Conservation work begins on medieval trade ship

Work on the ship has started. Photo: Batavialand

Conservation work on a 14th century ship found near Kampen on the river IJssel has started this week after a storm early last year demolished the roof of the conservation station.

The IJsselkogge, one of a fleet of 100 trade ships belonging to the Hanseatic city of Kampen, was raised from the river bed in 2016 after being discovered in 2011.

Although the ship was not completely dismantled, archaeologists think the 20 meter long ship was sunk, along with two smaller vessels, to prevent sand from building up in the river and blocking what was a vital waterway in the Hanseatic trade network.

The find is considered to be a unique one which underlines Kampen’s importance as a trade link in the Middle Ages.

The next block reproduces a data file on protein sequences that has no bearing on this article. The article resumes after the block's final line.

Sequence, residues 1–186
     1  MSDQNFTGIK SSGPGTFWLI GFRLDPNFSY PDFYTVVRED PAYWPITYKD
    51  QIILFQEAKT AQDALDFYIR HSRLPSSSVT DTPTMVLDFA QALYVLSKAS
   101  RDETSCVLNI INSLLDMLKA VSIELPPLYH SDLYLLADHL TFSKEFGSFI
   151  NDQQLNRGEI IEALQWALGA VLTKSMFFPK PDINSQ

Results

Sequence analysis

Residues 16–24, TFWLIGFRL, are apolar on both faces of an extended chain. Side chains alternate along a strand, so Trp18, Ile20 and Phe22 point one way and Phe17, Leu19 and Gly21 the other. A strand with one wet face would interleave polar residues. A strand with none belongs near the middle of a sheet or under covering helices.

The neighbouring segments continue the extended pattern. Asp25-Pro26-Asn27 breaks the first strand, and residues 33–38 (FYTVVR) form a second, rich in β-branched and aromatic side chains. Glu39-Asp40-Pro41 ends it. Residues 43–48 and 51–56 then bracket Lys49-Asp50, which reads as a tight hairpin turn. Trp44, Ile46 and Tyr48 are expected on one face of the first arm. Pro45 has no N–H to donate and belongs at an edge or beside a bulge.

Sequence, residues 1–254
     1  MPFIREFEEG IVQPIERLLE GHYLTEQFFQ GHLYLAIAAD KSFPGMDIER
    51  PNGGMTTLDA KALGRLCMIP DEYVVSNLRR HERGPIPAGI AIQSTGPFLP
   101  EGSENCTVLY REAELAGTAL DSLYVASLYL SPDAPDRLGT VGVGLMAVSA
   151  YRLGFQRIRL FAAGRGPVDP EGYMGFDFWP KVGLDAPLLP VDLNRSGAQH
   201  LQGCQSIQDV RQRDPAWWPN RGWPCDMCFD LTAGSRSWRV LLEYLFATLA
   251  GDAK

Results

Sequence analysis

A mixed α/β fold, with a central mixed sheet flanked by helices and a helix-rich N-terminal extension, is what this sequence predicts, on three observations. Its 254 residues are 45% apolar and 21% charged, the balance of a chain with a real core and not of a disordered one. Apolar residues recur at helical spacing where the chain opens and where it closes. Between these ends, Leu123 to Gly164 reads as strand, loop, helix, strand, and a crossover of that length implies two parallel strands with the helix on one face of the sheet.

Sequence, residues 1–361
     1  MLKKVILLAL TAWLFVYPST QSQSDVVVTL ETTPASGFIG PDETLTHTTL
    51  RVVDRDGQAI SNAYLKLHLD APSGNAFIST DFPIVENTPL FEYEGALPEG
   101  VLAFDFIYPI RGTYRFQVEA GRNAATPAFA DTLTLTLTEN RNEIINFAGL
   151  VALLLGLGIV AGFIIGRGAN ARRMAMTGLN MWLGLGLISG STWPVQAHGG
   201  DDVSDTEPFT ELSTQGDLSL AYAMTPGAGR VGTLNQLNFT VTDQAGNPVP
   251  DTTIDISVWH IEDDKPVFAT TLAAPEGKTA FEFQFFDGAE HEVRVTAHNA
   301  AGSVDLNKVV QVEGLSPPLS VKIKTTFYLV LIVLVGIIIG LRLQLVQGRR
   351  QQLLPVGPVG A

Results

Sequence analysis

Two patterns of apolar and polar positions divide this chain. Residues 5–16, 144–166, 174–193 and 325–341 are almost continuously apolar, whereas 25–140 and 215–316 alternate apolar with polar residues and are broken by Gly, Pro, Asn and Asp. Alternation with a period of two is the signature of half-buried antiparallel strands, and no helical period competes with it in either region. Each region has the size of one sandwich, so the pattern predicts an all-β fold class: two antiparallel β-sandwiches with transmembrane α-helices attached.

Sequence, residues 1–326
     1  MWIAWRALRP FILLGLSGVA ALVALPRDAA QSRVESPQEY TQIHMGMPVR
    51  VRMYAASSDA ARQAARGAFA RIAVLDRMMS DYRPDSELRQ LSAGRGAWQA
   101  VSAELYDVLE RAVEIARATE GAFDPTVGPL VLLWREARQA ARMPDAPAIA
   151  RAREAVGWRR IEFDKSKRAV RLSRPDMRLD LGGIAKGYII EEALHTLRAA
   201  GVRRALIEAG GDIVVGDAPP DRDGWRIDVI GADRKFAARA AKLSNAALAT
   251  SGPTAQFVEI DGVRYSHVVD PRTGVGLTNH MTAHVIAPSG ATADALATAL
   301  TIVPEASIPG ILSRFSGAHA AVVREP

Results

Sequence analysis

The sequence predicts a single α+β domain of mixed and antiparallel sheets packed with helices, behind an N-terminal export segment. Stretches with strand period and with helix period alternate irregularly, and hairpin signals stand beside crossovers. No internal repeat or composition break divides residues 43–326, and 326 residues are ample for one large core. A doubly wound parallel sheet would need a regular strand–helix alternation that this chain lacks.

The ship’s length indicates it was a sea-going vessel which would have transported wood and cereals from the countries around the Baltic Sea, salt and wine from France, beer from Germany, herring from Sweden and wool from Britain.

Cogs played a vital part in Medieval transport because of their superior design which allowed them to better weather storms and keep on course.

The ship, which was transported to Dutch heritage site and museum Batavialand in Lelystad, will undergo a special wood preservation process there which will take six years to complete. It will then go on show at the site.


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